Calorie Myths

Should We Replace the Calorie System for Weight Loss?
Calories may not be an adequate way to represent the energy we need or would store. We all know people who eat little but stay heavy, and those who eat loads of junk food but are as skinny as a rail. How can that be? Are the heavy ones sneaking excess calories (maybe) – are the skinny ones with nervous energy just have a higher metabolism (whatever that means – and maybe they do).

So here are six common myths about calories and a few simple eating rules for eating.

Myth: Calories provide our Energy
Calories are not what provide the energy to fuel our body’s metabolism. Our metabolism is fueled by complex chemical reactions and energy is obtained by breaking molecular bonds of chemicals like adenosine triphosphate. A calorie is not a biology/biochemistry term, but a term mechanical engineers first used and adopted by physics.  The technical term of a calorie is this: one calorie is the amount of heat needed to heat one gram of water one degree Celsius. The calories we use are kilocalories- so multiply that by a thousand.

So calories don’t provide energy but are a measurement of the potential energy in a food.

Caloric History –
Bridging caloric physics to biology is largely credited to Wilber Olin Atwater (1844-1907), who applied the first law of thermodynamics to food: energy can be transformed, but it cannot be created or destroyed.  With that he began the use of the term of calories to food – and started measuring how food affected people, by measuring their conversions of oxygen to carbon dioxide and the calories of food. Atwater concluded that people ate too many sweets and fats and didn’t exercise enough.

Using this equipment Atwater was able to determine the relative input of food and exercise

In the early years of determining calories they would put food into a machine called a “bomb calorimeter” burn it- and see how much energy the food contained. This process has been refined, so that we know one gram of carbohydrates has four calories, one gram of protein has four calories, one gram of alcohol has seven calories, and one gram of fat has nine calories.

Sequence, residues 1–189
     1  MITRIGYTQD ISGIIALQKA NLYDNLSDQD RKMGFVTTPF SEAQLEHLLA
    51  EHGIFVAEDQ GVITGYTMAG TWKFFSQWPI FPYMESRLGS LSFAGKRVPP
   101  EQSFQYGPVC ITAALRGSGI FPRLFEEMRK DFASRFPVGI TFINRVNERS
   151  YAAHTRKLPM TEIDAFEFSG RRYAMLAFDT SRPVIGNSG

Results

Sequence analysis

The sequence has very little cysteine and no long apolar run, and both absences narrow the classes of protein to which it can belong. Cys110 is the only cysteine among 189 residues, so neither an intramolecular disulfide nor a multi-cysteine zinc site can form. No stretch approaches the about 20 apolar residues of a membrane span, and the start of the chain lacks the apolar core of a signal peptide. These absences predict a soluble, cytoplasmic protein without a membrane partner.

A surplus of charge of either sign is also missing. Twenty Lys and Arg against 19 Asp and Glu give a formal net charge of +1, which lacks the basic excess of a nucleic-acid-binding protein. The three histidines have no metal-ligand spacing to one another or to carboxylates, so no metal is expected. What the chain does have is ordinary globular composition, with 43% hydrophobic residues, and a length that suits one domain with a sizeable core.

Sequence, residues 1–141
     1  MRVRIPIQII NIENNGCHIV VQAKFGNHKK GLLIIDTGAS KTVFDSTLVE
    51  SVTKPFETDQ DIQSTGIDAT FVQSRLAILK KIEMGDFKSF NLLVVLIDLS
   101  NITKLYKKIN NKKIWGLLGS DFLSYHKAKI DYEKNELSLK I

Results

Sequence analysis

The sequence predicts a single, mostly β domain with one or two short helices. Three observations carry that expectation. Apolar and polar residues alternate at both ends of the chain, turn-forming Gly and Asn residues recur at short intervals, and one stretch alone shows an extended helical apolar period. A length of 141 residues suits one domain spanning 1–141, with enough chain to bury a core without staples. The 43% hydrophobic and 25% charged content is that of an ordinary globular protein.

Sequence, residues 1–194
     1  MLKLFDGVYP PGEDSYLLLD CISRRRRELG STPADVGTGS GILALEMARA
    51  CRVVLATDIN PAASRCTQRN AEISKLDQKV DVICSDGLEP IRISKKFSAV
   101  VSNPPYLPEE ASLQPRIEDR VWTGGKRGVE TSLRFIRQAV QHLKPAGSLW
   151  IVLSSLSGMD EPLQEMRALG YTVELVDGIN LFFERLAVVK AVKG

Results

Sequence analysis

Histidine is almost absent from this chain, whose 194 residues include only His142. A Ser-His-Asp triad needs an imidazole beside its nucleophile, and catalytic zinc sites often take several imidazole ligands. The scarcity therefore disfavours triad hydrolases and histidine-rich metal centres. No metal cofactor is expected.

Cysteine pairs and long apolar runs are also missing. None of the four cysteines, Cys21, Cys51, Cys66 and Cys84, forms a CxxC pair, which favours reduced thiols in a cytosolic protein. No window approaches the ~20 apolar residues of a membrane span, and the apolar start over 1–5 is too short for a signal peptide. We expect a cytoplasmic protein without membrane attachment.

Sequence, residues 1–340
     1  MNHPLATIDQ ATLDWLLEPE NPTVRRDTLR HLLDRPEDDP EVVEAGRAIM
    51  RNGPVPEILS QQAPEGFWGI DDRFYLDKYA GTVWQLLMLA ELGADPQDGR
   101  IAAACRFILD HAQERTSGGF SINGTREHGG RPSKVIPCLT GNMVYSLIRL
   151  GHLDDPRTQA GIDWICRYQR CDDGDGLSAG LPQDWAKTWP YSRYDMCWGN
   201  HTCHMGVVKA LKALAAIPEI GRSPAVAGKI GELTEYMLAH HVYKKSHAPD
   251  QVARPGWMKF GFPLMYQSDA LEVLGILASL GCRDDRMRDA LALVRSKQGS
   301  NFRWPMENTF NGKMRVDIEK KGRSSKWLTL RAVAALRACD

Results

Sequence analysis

Myth: A calorie is a calorie
It doesn’t matter how many calories you consume, it matters what your body does with them. Your body will process those 100-calorie snacks differently than 100 calories of beef, or 100 calories of fish.

Your body cannot store protein, so when you need protein to rebuild cells, or after some muscle breakdown, it relies on your diet to get it. The various proteins are broken down in the intestines into amino acids – and your body has no idea if those amino acids came from a plant or beef. So the calories that are available in protein may not be available for energy, but instead used for building. Protein beyond that which is needed for the body’s function can be broken down and used by the body, and if too much of it is available it will be stored as fat.

Many fish are rich in calorie dense fatty acids, but your body cannot make these, so it relies on your diet to get them. Thus, the calories that are available from omega-3 fatty acids may never be used as energy, or stored as fat, because your body will be using them to build various functions.

Fructose, in its refined form, is passively absorbed by the intestines and about 1/3 of it becomes fat.  Doesn’t matter how much your body needs the fuel, one third of all fructose consumed is processed into fat.

Graph from tutorvista.com showing the different pathways of glucose Gand fructose

Myth: Low levels of Glucose are good for you